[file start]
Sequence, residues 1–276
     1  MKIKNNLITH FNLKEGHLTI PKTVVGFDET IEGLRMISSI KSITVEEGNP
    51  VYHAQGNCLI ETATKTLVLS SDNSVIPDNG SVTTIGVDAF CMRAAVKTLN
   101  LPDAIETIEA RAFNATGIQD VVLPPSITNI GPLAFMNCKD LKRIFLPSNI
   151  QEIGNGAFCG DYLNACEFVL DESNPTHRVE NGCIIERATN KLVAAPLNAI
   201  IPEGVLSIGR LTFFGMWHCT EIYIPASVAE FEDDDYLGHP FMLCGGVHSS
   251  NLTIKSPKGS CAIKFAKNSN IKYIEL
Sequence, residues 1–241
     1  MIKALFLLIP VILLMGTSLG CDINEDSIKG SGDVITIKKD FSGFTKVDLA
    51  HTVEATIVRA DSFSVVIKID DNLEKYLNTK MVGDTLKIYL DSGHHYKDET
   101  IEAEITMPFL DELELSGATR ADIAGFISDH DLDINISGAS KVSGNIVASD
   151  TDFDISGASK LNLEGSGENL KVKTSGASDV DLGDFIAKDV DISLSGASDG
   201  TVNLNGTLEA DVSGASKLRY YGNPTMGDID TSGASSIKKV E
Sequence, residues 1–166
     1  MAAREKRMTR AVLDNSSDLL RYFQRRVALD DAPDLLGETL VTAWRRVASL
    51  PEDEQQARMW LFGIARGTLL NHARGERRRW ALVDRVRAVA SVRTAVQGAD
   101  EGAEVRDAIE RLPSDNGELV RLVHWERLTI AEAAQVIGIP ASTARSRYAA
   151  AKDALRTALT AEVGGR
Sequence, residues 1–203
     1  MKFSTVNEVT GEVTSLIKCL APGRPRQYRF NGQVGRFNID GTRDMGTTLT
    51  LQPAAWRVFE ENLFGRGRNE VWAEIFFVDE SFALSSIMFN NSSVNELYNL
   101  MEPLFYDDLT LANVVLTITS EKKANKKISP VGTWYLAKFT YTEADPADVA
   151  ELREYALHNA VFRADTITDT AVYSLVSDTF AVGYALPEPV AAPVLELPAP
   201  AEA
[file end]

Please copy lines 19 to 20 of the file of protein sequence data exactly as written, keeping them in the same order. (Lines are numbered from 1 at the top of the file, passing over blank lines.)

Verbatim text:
Sequence, residues 1–203
     1  MKFSTVNEVT GEVTSLIKCL APGRPRQYRF NGQVGRFNID GTRDMGTTLT